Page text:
When Arnice builds up enough Keep Destroying Shit Points(tm), she can change into a special, powerful form for a limited time. Figuring out which one to have on hand for a given boss battle might be a key to victory if you’re ever having trouble… which will only happen during the final boss, now that I think about it. Shit was easy. But oh yeah, the forms.

So like, the monsters in Arnice’s group all have an influence on what her transformation will be. So let’s say it’s “Demon Form” with one squad, right? This means that Arnice can change into the Demon at certain points in battle, giving her a speed boost and nasty attack power. But then swapping one monster for another could change the formula, making Arnice’s alternate form, such as an angel whose threat lies in her long-range attacks. It makes you think — or at least it would, if there were more than like one or two hard battles.

Despite general ease, which could admittedly be a symptom of me being too amazing for this inferior world, the battles are fun and satisfying. It starts with the usual huh-huh-hwAAah action RPG foundation and builds upon it with some decent special abilities and the aforementioned monster allies and transformations. It’s not going to blow your fucking mind or anything, but it’s more than good enough to carry the game.

Two other quick things I liked on the battle topic:
1) The level cap is 11, so you can’t just grind out of problems. Ha. Nice one, Gust. (It’s easy and you won’t have to grind anyway, but still.)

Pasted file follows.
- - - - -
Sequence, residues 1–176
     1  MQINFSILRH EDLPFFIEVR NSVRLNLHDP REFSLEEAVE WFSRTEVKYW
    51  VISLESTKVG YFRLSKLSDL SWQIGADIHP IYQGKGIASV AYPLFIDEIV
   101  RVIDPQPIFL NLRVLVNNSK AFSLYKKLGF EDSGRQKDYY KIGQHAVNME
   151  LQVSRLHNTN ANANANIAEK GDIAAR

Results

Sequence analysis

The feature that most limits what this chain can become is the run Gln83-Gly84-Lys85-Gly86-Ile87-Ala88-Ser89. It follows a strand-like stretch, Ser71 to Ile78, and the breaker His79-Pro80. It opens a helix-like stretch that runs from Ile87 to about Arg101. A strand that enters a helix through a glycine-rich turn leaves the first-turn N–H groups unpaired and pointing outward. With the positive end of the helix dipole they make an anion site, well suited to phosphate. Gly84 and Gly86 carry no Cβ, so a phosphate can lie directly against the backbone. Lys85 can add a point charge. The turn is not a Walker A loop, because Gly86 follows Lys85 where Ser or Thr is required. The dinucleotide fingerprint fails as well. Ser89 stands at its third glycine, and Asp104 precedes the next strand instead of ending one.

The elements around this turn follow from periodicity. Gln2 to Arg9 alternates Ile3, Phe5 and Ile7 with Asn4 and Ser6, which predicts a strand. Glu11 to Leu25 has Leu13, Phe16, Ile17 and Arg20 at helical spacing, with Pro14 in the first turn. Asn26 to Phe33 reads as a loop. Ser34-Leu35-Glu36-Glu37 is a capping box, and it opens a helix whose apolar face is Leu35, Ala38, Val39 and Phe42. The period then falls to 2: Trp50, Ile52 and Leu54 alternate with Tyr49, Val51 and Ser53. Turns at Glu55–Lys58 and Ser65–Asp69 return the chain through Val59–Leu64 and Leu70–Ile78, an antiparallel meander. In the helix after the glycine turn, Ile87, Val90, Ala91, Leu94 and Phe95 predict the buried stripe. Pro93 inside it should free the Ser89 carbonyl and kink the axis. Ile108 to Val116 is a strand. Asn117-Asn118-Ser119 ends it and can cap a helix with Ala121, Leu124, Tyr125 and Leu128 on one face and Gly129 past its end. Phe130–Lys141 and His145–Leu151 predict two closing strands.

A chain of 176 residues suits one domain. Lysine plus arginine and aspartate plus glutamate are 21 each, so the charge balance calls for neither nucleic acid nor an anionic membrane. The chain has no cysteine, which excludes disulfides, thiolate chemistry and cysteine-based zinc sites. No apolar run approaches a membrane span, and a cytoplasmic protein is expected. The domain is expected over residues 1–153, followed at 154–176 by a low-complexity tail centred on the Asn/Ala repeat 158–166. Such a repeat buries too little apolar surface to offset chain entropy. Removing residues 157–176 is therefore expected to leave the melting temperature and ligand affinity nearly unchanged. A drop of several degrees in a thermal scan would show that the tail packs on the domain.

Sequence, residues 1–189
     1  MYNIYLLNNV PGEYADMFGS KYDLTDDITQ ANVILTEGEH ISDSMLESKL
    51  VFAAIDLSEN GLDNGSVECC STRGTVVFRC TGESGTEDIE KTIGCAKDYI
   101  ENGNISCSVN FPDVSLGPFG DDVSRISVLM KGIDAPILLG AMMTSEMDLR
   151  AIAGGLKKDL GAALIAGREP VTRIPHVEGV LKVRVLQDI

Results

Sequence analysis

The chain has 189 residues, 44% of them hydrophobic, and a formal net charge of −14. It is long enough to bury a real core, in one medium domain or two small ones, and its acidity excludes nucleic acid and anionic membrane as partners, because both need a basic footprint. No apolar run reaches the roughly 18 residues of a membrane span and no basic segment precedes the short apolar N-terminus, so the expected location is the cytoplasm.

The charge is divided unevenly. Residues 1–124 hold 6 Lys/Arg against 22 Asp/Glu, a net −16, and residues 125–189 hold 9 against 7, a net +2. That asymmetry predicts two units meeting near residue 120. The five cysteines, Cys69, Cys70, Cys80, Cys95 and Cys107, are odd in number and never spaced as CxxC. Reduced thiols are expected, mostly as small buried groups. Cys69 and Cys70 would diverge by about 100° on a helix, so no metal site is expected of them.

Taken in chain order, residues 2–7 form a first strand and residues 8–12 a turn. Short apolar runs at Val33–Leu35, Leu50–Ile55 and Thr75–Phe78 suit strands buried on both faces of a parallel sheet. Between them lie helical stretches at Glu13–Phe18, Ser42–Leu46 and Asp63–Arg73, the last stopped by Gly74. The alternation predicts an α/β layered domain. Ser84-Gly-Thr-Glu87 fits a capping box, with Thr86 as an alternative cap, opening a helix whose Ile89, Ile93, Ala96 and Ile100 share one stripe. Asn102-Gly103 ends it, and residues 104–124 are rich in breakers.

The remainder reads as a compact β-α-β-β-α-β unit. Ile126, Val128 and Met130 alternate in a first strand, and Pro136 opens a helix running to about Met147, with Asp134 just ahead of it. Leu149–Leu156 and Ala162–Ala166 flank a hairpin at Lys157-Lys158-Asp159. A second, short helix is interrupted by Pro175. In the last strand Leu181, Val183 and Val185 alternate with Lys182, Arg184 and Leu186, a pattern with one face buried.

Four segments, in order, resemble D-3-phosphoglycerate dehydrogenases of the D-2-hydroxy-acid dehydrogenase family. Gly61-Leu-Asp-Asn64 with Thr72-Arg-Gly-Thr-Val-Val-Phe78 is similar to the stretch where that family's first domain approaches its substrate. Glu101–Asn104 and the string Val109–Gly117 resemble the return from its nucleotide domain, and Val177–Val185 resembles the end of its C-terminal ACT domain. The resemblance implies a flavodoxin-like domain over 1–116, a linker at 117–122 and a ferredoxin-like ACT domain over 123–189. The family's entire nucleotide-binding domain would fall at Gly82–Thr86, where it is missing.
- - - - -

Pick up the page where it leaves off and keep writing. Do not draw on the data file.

2) The battle arena under the hotel provides diverse objectives with which to challenge yourself. I had more fun down there than I tend to in battle arenas.

After finishing Nights of Azure once, I don’t feel compelled to give it another go. The endgame was definitely the most intense battle, as it should be; and the story’s completion kinda wrapped everything up in a way that made me say, “Yeah. Good. Welp, time to trade this action into the store.” It’s not that I disliked it — quite the opposite — but it’s done and, well, behind me. If you’ve got more time or don’t have access to as many games, perhaps it will hold appeal for a second go-round, but the idea of committing more time to Nights of Azure instead of a different game doesn’t excite me.

That might be because almost everything in this game is good enough. The story is good enough, but not great; combat is fun for the duration of a playthough, but not much longer; the characters are memorable for treating a homosexual relationship the same way a heterosexual one tends to be treated, but that doesn’t make them (or the rest of the cast) inherently any better or more entertaining. Its dark-colored visual theme looks excellent, but then you see characters’ arms popping through each other in every other cutscene and the same 3D stiff hair we’ve been seeing since the 32-bit era. It’s all back and forth. Nights of Azure is, therefore, definitely worth a look for Japanese action RPG fans, so long as your expectations are kept realistic.

* = It also had PS3 and Vita versions in Japan.